Lesions in articular or joint-specific cartilage is a degenerative that tends to occur in older people or younger athletes who engage in impact-heavy sports. Sometimes people who have experienced accidents can also suffer from cartilage lesions. Cartilage lesions present several challenges for orthopedic surgeons to repair. These surgeries are often complicated, and the recovery times are also long. However, Prof. Ivan Martin, professor of tissue engineering, and Prof. Marcel Jakob, Head of Traumatology, from the Department of Biomedicine at the University and the University Hospital of Basel have presented a new treatment option for cartilage lesions that includes the use of nasal cartilage cells to replace cartilage cells in joints.

When grown in cell culture, cartilage cells extracted from the nasal septum (also known as nasal chondrocytes) have a remarkable ability to generate new cartilage tissue after their growth in culture. In an ongoing clinical study, the Basal research group have taken small biopsies (6 millimeters in diameter) from the nasal septa of seven of 25 patients below the age of 55 years. After isolating the cartilage cells from these cartilage samples, they cultured these cells and expanded them and applied them to a three-dimensional scaffold in order to engineer a cartilage graft with a specific size (30 x 40 millimeters).

Martin and his colleagues used these very cartilage grafts to treat the cartilage lesions in human patients. After removing the damaged cartilage tissue from the knee of several patients, their knees were treated with the engineered, tailored tissue from their noses.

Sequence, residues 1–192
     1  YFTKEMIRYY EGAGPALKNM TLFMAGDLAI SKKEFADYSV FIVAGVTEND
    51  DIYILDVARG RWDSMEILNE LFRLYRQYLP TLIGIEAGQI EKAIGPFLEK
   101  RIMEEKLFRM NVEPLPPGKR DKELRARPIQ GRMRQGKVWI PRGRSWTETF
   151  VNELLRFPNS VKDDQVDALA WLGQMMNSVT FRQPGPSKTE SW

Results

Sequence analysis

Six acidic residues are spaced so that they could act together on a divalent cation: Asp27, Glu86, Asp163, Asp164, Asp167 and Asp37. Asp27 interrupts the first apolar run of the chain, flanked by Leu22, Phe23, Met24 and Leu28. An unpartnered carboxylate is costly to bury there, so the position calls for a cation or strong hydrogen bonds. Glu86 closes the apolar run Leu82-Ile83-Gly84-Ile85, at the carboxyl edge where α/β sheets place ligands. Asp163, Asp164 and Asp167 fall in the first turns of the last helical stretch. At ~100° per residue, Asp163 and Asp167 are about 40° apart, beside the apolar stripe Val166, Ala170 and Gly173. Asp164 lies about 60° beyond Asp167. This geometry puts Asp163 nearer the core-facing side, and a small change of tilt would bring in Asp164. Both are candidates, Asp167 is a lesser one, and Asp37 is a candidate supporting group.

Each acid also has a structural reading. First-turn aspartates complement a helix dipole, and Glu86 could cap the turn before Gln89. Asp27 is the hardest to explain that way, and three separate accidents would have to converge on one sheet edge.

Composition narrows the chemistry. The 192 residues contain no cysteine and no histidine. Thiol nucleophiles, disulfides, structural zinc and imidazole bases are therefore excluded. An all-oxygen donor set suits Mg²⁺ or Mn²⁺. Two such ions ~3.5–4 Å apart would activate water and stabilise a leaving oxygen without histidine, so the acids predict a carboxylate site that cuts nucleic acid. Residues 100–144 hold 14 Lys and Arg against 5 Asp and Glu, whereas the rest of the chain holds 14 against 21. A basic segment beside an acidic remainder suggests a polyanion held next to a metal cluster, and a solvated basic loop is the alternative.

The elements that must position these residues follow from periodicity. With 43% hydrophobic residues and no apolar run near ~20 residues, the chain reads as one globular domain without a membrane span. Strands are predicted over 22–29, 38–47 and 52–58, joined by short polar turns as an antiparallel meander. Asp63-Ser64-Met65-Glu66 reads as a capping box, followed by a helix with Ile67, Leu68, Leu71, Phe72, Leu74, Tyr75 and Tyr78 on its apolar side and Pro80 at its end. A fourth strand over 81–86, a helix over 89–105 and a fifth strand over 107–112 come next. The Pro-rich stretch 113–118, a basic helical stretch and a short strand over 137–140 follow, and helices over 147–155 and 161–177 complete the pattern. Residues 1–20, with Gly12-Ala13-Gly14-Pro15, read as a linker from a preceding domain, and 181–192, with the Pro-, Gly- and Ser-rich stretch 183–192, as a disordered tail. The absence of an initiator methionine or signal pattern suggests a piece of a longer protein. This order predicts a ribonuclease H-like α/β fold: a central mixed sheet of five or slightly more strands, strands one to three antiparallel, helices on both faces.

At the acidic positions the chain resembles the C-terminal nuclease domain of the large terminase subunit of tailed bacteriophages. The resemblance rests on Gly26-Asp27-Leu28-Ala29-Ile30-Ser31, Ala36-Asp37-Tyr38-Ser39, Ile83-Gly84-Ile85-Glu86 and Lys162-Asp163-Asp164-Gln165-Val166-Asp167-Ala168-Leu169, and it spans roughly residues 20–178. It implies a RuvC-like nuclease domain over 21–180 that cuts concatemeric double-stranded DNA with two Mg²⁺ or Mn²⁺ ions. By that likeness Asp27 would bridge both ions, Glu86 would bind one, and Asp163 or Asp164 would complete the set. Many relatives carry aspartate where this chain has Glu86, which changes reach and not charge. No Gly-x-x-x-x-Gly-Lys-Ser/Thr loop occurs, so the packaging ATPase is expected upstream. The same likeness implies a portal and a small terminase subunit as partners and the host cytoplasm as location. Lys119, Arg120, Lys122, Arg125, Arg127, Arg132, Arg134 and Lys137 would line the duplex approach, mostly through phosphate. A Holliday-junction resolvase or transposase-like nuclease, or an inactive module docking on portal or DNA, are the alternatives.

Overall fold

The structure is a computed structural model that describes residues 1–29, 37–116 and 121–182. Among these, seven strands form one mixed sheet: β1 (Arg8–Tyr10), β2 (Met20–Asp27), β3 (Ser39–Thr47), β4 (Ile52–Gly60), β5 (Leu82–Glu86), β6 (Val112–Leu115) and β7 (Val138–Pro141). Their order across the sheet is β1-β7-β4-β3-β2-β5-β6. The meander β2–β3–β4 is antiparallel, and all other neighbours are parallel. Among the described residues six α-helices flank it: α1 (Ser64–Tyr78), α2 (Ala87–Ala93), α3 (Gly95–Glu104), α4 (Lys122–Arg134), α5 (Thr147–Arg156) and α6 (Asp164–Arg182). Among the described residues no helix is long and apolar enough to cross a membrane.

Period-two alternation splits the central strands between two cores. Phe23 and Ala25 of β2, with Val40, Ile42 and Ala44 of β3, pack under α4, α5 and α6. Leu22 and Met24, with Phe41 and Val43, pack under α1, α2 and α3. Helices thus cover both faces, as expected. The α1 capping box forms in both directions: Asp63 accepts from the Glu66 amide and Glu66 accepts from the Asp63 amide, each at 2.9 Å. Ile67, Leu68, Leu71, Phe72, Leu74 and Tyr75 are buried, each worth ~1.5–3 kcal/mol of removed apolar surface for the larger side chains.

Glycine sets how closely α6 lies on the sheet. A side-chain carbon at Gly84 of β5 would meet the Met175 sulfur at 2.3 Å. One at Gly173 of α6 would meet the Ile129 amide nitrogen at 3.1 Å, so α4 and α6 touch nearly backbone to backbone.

Two previous experiments demonstrated the potential efficacy of this procedure. First, a previous clinical study conducted in cooperation with plastic surgeons and the Basel group used the same method to successfully reconstruct nasal wings affected by tumors.

Secondly, a preclinical study with goats whose knees were implanted with nasal cartilage cells showed that these cells were not only compatible with the knee-joint, but also successfully reconstituted the joint cartilage. Lead author of this study, Karoliina Pelttari, and her colleagues were quite surprised that the implanted nasal cartilage cells, which originate from a completely different set of embryonic cell types than the knee-joint were compatible. Nasal septum cells develop from neuroectodermal cells, which also form the nervous system and their self-renewal capacity is attributed to their lack of expression of some homeobox (HOX) genes. However, these same HOX genes are expressed in articular cartilage cells that are formed by mesodermal cells in the embryo.

“The findings from the basic research and the preclinical studies on the properties of nasal cartilage cells and the resulting engineered transplants have opened up the possibility to investigate an innovative clinical treatment of cartilage damage,” says Prof. Ivan Martin about the results. Several studies have confirmed that human nasal cells maintain their capacity to grow and form new cartilage despite the age of the patient. This means that older people could also benefit from this new method, as could patients with large articular cartilage defects.